August 21, 2008

Last Remaining Speaker of a Language

My closest friend is dying, and will be gone by the time you see this post.  She and I have known each other since college, and through over 30 years of shared experiences, laughter, tears and wonder, we have in a way been our own little country.  She has a darling family, raised two wonderful children, and yet there have always been things only we understood about each other.
I have other good friendships, but somehow it was like we had grown up together when we met.  Her family welcomed me, we traded visits, made road trips and pub and gallery crawls, I cheered her starting her design career and family, she visited me in grad school, we traded art books and recipes and plants. We laughed, cried, encouraged, helped and understood each other.  Her bright smile, sly sense of humor, endless curiosity, prodigious capabilities and vast kindness I will always treasure.  She could pull me out of a funk with smart ideas, funny stories, outrageous suggestions.  I hope I have been even half as good a friend to her as she has to me. 
As she dwindles, I'm feeling like an explorer at a far outpost, with the radio connection to home fading into silence.  When she is silenced, part of me will be as well.

August 15, 2008

This can't be what they meant to happen: FDA Globalization Act of 2008

While it sounds good to increase funding for the FDA and its food protection capabilities, this act as currently written would put most home business cosmetics makers out of business with enormous fees and burdensome manufacturing and paperwork requirements.  A $2000 yearly registration fee (even if you only make lip balm!) plus separate facilities, inspections for them, and registering each formula and re-registering every time you tweak a formula (add more cocoa butter and that has to be re-registered).  While Revlon or Estee Lauder could easily afford this change, in their beginnings at kitchen tables, they would not have been able to.  At a time in this country when it is ever harder to make a living, the economy is tightening, and home-based businesses are a major way for women to be able to support themselves and their families, this legislation comes along to make things worse, not better.  Small businesses were not taken into consideration by the people writing this legislation, and the sooner they realize how damaging this would be, the better.  For more information, and to watch a video on the impact of this legislation, or to sign a petition to stop the Act as it is now written, visit the Indie Business Blog.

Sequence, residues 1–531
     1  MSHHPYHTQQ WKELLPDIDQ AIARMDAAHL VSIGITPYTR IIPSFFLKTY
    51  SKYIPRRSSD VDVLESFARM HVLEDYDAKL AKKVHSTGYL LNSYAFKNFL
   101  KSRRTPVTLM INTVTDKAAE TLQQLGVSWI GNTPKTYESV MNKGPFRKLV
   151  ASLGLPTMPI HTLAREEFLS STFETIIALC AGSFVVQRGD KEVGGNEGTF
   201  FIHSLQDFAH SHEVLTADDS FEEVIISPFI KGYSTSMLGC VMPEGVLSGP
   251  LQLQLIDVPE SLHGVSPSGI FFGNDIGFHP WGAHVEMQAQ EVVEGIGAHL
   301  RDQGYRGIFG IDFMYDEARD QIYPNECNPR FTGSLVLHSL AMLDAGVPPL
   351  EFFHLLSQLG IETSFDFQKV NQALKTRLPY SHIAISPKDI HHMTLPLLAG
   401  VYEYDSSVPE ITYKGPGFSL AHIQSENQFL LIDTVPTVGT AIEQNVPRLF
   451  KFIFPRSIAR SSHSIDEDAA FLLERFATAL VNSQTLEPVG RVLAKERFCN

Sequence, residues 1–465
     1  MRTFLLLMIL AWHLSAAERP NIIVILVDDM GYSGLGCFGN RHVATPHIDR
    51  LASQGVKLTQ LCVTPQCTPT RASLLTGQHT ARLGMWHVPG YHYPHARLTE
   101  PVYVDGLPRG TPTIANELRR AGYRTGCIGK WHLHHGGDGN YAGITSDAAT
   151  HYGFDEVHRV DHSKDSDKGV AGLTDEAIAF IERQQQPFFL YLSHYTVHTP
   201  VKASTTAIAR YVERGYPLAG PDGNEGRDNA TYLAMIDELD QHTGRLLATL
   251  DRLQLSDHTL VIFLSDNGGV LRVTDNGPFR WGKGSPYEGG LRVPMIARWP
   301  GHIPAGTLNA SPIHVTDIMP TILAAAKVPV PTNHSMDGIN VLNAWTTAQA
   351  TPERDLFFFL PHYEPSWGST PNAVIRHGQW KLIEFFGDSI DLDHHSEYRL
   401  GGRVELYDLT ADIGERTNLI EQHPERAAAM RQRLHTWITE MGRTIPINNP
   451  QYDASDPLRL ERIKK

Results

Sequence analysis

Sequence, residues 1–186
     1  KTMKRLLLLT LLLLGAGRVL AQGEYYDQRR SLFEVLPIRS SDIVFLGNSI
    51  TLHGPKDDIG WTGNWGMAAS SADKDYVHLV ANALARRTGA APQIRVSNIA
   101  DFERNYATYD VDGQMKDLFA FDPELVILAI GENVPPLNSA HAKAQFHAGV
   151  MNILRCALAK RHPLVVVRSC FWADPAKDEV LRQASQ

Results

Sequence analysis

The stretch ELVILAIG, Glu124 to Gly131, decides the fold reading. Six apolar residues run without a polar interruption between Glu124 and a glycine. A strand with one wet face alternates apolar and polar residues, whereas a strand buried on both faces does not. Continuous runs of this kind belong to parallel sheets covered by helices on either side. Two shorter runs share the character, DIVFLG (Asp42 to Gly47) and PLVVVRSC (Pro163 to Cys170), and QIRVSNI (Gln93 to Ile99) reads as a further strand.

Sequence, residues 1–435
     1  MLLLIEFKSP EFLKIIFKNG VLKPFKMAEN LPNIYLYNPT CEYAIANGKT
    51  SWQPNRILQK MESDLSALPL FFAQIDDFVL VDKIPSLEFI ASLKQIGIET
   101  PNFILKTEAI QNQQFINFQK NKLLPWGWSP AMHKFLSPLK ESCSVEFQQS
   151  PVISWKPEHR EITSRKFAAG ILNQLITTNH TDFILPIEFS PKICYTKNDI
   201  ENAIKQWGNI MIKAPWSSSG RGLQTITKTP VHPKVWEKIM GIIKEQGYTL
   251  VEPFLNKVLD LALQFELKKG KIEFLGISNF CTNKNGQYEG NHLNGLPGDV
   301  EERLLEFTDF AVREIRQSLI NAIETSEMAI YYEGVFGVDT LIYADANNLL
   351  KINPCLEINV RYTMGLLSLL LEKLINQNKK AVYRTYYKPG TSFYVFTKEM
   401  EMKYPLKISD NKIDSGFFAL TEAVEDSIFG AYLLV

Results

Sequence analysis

August 10, 2008


It's raining--enough to drip off the roof, even!  This hasn't happened for a month or more, and it is amazing and desperately needed.  Likely it won't last much longer than it takes to type this, but it's good to remember it can rain.  Yesterday at the market, it poured and hailed briefly--enough to soak all the vendors and our displays.

I got Chioggia beets from another vendor for Mom, and she gave me some cukes to make potato salad with.  That recipe I will dig out and post later.  The beets (pretty red & white striped ones) are lovely just steamed and eaten with a bit of lemon juice and butter.

The first of the currant tomatoes are coming on, and they taste better even than I thought they would: intense tomato flavor, with a savory sweet aftertaste.  I will definitely grow these again!

Here's a dinner dish using them:

Currant Tomato Pasta Salad

  • Currant tomatoes about 1/2-2/3 cup, fresh picked & rinsed
  • egg noodles, cooked & drained--about 4 cups cooked
  • sour cream & crumbled feta cheese, equal parts--about 1/2 cup
  • ranch style dressing mix powder (I use that made by one of the vendors at our market, Barb Hansen)--2 Tbsp
  • dab of butter

Toss noodles with butter.
Blend sour cream, feta and dressing mix; stir into noodles.
Add currant tomatoes, stir together, and serve.

The translucent golden-orange tomatoes are like flavorful jewels in this fast summer salad.  Enjoy!